> initial value of zero to members that are out of reach of any constructor.
    >
    > Here is an example:
    >
    > struct A {
    > int x;
    > int y;
    > };
    >
    > struct B {
    > int x;
    > std::string s;
    > };
    >
    > struct C {
    > int x;
    > int y;
    > C() { }
    > };
    >
    > If we write the following:
    >
    > void foo()
    > {
    > A a;
    > B b;
    > C c;
    > }
    >
    > then the local variables a, b, and c are all default-initialized. That
    > means that a.x and a.y, b.x, c.x, and c.y all have undefined values. On the
    > other hand, b.s is initialized to a null string, because that is what the
    > std::string constructor does.


    Your terminology seems to differ from what I see in the standard. From
    8.5.5, "To default-initialize an object of type T means: [special rules
    for non-POD class types and array types]; otherwise, the object is
    zero-initialized."

    Then in 8.5.9, "If no initializer is specified for an object [special
    rules for non-POD class types]. Otherwise, if no initializer is
    specified for a non-static object, the object and its subobjects, if
    any, have an indeterminate initial value."

    In my view, "default initialization" should never leave an object with
    undefined values.

    -Mark
     
    Mark P, Jun 21, 2006
    #10
  11. utab

    Tom Widmer Guest

    Mark P wrote:
    > Andrew Koenig wrote:
    > Your terminology seems to differ from what I see in the standard. From
    > 8.5.5, "To default-initialize an object of type T means: [special rules
    > for non-POD class types and array types]; otherwise, the object is
    > zero-initialized."
    >
    > Then in 8.5.9, "If no initializer is specified for an object [special
    > rules for non-POD class types]. Otherwise, if no initializer is
    > specified for a non-static object, the object and its subobjects, if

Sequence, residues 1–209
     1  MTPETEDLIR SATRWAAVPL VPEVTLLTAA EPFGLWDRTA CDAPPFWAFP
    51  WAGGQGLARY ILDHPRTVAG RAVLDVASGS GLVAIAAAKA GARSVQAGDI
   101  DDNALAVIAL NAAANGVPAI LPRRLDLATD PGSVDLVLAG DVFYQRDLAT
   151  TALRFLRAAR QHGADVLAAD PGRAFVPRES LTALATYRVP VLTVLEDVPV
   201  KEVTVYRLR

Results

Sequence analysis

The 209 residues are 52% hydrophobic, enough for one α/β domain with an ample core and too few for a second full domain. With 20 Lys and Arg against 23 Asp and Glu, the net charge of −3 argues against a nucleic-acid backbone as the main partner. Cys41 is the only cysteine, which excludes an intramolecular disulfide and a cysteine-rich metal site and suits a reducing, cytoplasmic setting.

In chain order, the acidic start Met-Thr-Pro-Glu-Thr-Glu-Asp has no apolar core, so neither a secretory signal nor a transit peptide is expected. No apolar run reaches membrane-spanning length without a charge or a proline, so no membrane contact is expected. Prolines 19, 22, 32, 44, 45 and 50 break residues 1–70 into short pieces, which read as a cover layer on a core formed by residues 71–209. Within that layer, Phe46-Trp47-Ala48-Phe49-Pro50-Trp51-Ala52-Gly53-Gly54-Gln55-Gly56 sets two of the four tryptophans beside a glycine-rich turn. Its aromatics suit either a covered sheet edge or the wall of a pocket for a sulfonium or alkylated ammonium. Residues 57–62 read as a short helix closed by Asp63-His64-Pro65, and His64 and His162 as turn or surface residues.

> any, have an indeterminate initial value."
    >
    > In my view, "default initialization" should never leave an object with
    > undefined values.


    The paragraphs you quote changed in the 2003 standard:
    8.5/5:
    To zero-initialize an object of type T means:
    — if T is a scalar type (3.9), the object is set to the value of 0
    (zero) converted to T;
    — if T is a non-union class type, each nonstatic data member and each
    base-class subobject is zeroinitialized;
    — if T is a union type, the object’s first named data member89) is
    zero-initialized;
    — if T is an array type, each element is zero-initialized;
    — if T is a reference type, no initialization is performed.

    To default-initialize an object of type T means:
    — if T is a non-POD class type (clause 9), the default constructor for T
    is called (and the initialization is ill-formed if T has no accessible
    default constructor);
    — if T is an array type, each element is default-initialized;
    — otherwise, the object is zero-initialized.

    To value-initialize an object of type T means:
    — if T is a class type (clause 9) with a user-declared constructor
    (12.1), then the default constructor for T is
    called (and the initialization is ill-formed if T has no accessible
    default constructor);
    — if T is a non-union class type without a user-declared constructor,
    then every non-static data member
    and base-class component of T is value-initialized;
    — if T is an array type, then each element is value-initialized;
    — otherwise, the object is zero-initialized.

    Tom
     
    Tom Widmer, Jun 22, 2006
    #11